These fruits contain a high amount of natural sugars:

  • mango
  • banana
  • papaya
  • pineapple
  • watermelon

Skip the canned fruit.

Canned fruits and those cute little fruit cocktail cups may be convenient and inexpensive, but they aren’t so good for you.

“Those canned in heavy or light syrup are not an ideal choice for persons with diabetes,” says Kim Rose, RD and a certified diabetes care and education specialist. “This is because syrup-laden fruits contain added sugar that may be too much for the body to handle.”

Be careful with dried fruits.

Drying fruit concentrates all of the yummy fruit flavor into one smaller bite, but it also concentrates many of the sugars. Even a small amount of dried fruit can put you over the edge.

Be careful to read dried fruit labels; many of them pack on the added sugars. Some are even sweetened, making the sugar problem worse. If you must have dried fruit, keep the quantities small. Rose recommends dates, figs, and prunes because they are lower on the glycemic index.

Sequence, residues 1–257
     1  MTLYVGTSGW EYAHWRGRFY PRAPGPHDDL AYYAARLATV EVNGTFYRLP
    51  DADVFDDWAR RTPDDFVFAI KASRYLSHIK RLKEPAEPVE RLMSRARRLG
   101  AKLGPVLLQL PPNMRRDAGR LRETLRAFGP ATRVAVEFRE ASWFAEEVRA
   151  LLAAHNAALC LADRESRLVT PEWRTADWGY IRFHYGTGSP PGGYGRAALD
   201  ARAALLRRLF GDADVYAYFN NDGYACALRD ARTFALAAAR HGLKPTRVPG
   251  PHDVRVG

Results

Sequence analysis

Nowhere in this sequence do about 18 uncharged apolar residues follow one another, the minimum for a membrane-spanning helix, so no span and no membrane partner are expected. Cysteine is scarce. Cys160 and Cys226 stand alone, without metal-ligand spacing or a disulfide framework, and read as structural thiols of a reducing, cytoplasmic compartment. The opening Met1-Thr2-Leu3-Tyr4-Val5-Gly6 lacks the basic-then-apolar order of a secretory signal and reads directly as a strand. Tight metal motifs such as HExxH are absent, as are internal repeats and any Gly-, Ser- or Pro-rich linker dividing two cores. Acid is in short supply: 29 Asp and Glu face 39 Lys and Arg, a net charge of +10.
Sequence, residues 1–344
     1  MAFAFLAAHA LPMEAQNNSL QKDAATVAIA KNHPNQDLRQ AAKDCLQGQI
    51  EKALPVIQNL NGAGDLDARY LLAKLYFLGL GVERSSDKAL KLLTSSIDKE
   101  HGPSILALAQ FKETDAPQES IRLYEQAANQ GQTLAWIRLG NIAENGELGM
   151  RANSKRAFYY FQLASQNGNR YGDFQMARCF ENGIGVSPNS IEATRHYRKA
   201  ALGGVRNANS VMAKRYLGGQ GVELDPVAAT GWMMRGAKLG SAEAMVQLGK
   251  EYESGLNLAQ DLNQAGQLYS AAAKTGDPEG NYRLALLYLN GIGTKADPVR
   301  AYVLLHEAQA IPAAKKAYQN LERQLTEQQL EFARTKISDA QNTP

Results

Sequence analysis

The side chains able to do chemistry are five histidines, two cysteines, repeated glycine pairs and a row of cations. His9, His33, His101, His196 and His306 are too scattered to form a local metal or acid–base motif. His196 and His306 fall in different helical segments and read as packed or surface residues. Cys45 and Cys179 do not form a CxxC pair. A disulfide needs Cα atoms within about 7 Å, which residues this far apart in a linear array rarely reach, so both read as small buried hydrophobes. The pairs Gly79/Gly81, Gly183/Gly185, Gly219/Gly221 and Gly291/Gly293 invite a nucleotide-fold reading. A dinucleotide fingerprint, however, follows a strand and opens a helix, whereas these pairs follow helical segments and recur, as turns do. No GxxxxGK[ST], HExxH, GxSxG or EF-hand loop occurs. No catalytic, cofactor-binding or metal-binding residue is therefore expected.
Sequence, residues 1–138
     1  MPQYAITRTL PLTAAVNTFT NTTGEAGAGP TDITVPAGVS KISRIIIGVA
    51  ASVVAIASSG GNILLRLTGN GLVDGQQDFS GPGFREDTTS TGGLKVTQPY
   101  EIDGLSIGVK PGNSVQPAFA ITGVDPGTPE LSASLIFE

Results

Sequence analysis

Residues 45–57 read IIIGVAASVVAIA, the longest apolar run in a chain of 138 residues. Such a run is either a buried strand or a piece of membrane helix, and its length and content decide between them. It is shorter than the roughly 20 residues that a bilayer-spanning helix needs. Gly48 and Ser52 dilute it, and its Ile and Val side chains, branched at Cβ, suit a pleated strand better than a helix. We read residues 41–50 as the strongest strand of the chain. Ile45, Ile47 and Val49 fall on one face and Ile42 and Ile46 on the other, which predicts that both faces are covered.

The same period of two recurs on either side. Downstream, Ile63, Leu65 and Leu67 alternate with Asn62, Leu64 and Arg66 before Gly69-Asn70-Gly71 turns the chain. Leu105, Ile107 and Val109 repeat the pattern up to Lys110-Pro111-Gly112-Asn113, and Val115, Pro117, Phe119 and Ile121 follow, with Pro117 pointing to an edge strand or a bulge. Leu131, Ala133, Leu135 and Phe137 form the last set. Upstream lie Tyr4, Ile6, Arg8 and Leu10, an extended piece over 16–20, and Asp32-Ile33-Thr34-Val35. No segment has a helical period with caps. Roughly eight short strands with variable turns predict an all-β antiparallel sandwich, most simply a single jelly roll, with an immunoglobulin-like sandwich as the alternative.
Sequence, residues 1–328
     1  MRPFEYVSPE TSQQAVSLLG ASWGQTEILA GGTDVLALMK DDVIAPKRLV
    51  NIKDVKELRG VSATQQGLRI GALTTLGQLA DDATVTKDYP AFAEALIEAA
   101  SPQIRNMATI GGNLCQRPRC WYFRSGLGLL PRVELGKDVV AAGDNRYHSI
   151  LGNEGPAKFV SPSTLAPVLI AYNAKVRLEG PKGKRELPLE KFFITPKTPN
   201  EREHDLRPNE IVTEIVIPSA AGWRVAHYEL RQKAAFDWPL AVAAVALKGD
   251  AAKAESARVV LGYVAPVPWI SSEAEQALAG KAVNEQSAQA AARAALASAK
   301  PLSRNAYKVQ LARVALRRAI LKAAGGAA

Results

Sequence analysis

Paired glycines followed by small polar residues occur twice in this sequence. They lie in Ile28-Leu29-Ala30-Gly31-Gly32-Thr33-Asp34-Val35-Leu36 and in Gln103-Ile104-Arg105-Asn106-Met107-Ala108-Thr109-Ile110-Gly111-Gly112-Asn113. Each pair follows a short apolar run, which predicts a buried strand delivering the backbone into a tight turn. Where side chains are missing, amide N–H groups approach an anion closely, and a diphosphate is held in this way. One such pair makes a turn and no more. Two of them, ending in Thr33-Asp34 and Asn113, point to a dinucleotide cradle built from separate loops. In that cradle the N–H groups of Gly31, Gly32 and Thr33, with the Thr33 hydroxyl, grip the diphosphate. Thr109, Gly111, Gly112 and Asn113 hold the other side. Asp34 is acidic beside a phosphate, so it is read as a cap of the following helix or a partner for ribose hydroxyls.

Juices and smoothies can be tricky.

Many store-bought juices — orange, apple, even green juices — sneakily add extra sugars, so you’ll want to avoid those, too. Even juices or smoothies you make at home can require a lot of fruit for one glass (a small juice can often have two to three oranges), so it isn’t always the best option for people with diabetes. If you want to have a smoothie, try adding in mostly vegetables and something like a half of a banana for sweetness.

The Best Fruits for People With Diabetes

Two to three servings of fruit a day is recommended, and that can is true for people with diabetes, too.

“If you combine fruit with a fat or protein, it will help you feel fuller and help with that portion control,” Fienman says.

Here are some beneficial fruits that are not only lower on the glycemic index, but also pack a punch with other vitamins and minerals:

  • berries — Both citrus and berries are recommended as superfoods by the American Diabetes Association.
  • cherries
  • plums
  • grapefruit
  • peaches
  • apples — High fiber fruits like apples and pears help to slow a spike in blood sugar, Rose says.
  • pears
  • kiwi
  • oranges